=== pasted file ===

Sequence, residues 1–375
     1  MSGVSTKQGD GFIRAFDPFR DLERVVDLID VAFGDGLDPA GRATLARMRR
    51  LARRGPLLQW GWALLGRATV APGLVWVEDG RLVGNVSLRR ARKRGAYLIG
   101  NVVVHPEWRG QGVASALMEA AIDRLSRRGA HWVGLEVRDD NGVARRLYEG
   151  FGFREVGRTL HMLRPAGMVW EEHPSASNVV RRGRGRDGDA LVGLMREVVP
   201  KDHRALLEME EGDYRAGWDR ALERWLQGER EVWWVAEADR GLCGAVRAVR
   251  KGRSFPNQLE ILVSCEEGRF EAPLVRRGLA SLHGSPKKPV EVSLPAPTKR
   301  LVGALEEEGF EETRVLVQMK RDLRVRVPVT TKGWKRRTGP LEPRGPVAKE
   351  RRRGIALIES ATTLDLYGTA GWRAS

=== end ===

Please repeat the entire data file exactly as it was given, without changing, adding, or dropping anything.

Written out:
Sequence, residues 1–375
     1  MSGVSTKQGD GFIRAFDPFR DLERVVDLID VAFGDGLDPA GRATLARMRR
    51  LARRGPLLQW GWALLGRATV APGLVWVEDG RLVGNVSLRR ARKRGAYLIG
   101  NVVVHPEWRG QGVASALMEA AIDRLSRRGA HWVGLEVRDD NGVARRLYEG
   151  FGFREVGRTL HMLRPAGMVW EEHPSASNVV RRGRGRDGDA LVGLMREVVP
   201  KDHRALLEME EGDYRAGWDR ALERWLQGER EVWWVAEADR GLCGAVRAVR
   251  KGRSFPNQLE ILVSCEEGRF EAPLVRRGLA SLHGSPKKPV EVSLPAPTKR
   301  LVGALEEEGF EETRVLVQMK RDLRVRVPVT TKGWKRRTGP LEPRGPVAKE
   351  RRRGIALIES ATTLDLYGTA GWRAS